There is one statistic however that reveals much about the root causes of this social phenomenon. The department of Quiche has had a far higher rate of lynchings than any of the other departments, statistics from 2001 note, for example that Quiche totaled 51 lynchings, whilst the nearest of the other 25 departments was Petén (by far the largest geographical region) with 27.[1] The significance of this is that Quiche is also recognised as the area that suffered most brutally during the civil war with a very high proportion of the population being rural Mayan people. That’s to say that there is a distinct causal relationship between the brutality of the civil war experience in Quiche and the post-war culture of punitive justice in the department. During the most repressive years of the civil war under Lucas Garcia and Rios Montt the Maoist analogy of ‘draining the sea of its fish’ was used to signify wiping out civilian popular support of the rural guerilla. This essentially meant the Mayan population by default due to the racial nature of the war. So the war in Quiche as was the case in many other regions meant a war on racial lines, and of genocidal proportions. The aforementioned quote therefore became the justification for massacring innocent civilians.  

Given the combined facts that the Peace Accords in 1996 have been largely unfulfilled, the country is re-militarizing, that the national police force suffers from corruption and that there has been no government attempt at any fiscal or land reform, the country is dogged by the conditions that lead to civil war in the 1960’s. It is therefore, not difficult to understand why the poor in Quiche do not feel represented by those in power. Indeed the UN report states that in the department of Guatemala (the capital) there is a mean of one doctor for every 384 people, whilst the equivalent statistic in Quiche is 11, 948 persons per doctor, a staggering indicator of inequality.

It is well known that with the soaring level of impunity in Guatemala, perpetrators of crimes largely go unpunished, and in the case of theft this weighs as a heavy financial burden upon the poor who get robbed. Moreover as the UN report states that some of the lynchings are carried out in a context of the “acquiescence or tolerance of State officials. In the case of the lynching and death of police officer Pedro Rodríguez Toma in San Juan Cotzal, Quiché, in November 2009, the office received information which indicates acquiescence and instigation by some municipal authorities as well as tolerance on the part of members of the security forces.”[2]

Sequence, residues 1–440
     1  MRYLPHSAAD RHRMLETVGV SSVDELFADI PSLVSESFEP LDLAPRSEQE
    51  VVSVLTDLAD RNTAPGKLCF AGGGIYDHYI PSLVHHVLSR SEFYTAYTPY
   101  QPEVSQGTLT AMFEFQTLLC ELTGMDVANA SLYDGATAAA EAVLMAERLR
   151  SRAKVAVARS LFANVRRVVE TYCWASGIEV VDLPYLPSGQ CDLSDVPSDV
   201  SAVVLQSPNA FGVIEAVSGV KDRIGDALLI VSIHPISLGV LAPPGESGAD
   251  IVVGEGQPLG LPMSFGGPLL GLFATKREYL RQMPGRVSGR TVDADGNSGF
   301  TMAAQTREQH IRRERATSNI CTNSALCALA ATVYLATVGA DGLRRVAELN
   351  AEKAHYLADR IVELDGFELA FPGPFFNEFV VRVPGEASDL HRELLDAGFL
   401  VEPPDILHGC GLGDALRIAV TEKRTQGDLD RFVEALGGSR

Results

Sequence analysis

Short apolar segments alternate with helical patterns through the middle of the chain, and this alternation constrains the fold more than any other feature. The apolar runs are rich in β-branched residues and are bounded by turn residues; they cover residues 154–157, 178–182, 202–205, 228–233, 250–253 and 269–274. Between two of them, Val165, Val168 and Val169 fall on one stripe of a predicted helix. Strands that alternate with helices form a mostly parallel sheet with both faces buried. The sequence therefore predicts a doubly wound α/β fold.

I am not justifying the cruel and barbaric act of such reprisals; in fact quite the opposite. Perpetrators of the crime are often driven by desperation and poverty themselves, who are subsequently denied access to their rights. The victims meanwhile are denied access to justice through judicial inefficiency or as a result of financial barriers. Lynichings therefore take on the aim of sending a message to those considering crime, as well as revenge for the crime itself. Ultimately however, both groups are being failed by the state and the message being sent out from the capital through their lack of resources and funding for police presence in regions such as Quiche is that rights and access to justice is not available for the poor, the same poor that suffered during the civil war. A testament to the enduringly racist nature of the Guatemalan power structure.

  By Sam Pearse

Categories: Culture, Indigenous peoples, Justice